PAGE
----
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benevolence

[buh-nev-uh-luh ns] /bəˈnɛv ə ləns/
noun
1.
desire to do good to others; goodwill; charitableness:
to be filled with benevolence toward one's fellow creatures.
2.
an act of kindness; a charitable gift.
3.
English History. a forced contribution to the sovereign.
Origin
1350-1400
1350-1400; Middle English < Latin benevolentia. See benevolent, -ence
Related forms
nonbenevolence, noun
superbenevolence, noun
unbenevolence, noun
Antonyms
1. malevolence.
Dictionary.com Unabridged
Based on the Random House Dictionary, © Random House, Inc. 2014.
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British Dictionary definitions for unbenevolence

benevolence

/bɪˈnɛvələns/
noun
1.
inclination or tendency to help or do good to others; charity
2.
an act of kindness
3.
(in the Middle Ages) a forced loan or contribution exacted by English kings from their nobility and subjects
Collins English Dictionary - Complete & Unabridged 2012 Digital Edition
© William Collins Sons & Co. Ltd. 1979, 1986 © HarperCollins
Publishers 1998, 2000, 2003, 2005, 2006, 2007, 2009, 2012
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Word Origin and History for unbenevolence

benevolence

n.

c.1400, "disposition to do good," from Old French benivolence and directly from Latin benevolentia "good feeling, good will, kindness," from bene "well" (see bene-) + volantem (nominative volens) present participle of velle "to wish" (see will (v.)). In English history, this was the name given to forced extra-legal loans or contributions to the crown, first so called 1473 by Edward IV, who cynically "asked" it as a token of good will toward his rule.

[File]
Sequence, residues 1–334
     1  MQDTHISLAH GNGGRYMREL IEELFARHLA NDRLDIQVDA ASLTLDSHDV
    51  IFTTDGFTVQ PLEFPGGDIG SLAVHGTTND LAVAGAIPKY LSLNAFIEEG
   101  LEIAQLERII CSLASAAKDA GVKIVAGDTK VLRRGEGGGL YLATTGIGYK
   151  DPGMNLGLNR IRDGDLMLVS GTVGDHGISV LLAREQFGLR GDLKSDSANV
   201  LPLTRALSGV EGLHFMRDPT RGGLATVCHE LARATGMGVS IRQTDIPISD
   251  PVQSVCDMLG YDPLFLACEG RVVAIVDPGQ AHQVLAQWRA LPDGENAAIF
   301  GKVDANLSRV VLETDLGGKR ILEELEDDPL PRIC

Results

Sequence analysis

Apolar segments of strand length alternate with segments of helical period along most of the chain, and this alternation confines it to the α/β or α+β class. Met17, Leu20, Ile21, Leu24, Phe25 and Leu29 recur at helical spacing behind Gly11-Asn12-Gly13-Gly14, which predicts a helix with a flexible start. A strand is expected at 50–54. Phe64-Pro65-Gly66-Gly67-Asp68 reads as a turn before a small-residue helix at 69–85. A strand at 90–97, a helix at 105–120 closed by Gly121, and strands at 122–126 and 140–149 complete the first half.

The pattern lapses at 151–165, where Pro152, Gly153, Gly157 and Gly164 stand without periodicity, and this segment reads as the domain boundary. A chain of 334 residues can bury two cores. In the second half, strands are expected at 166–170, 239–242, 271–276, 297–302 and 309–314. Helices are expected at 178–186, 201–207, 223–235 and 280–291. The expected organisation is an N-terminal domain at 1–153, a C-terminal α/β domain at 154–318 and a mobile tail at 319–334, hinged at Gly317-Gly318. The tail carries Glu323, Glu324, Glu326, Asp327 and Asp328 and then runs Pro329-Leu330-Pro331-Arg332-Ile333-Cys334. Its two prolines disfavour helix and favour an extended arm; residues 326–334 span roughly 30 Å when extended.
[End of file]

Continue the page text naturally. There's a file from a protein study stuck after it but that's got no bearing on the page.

Online Etymology Dictionary, © 2010 Douglas Harper
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Encyclopedia Article for unbenevolence

benevolence

in English history, any sum of money, disguised as a gift, extorted by various English kings, from Edward IV to James I, from their subjects without Parliament's consent. Forced loans had been taken earlier, but Edward IV discarded even the pretense of repayment, and the word benevolence was first used in 1473 to describe an extorted gift. Richard III's attempts to raise benevolences were opposed by Parliament, which in 1484 abolished them as "new and unlawful inventions." In spite of the law, Henry VII made widespread use of the practice, in 1495 persuading Parliament to make those who had promised gifts legally liable for unpaid arrears. Henry VIII demanded benevolences in 1528 and 1545, but the practice was not followed by his successors. It was revived by James I, who received large sums in 1614. Further attempts to exact gifts in 1615, 1620, and 1622 aroused considerable protest, and the practice was finally discontinued.

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Encyclopedia Britannica, 2008. Encyclopedia Britannica Online.
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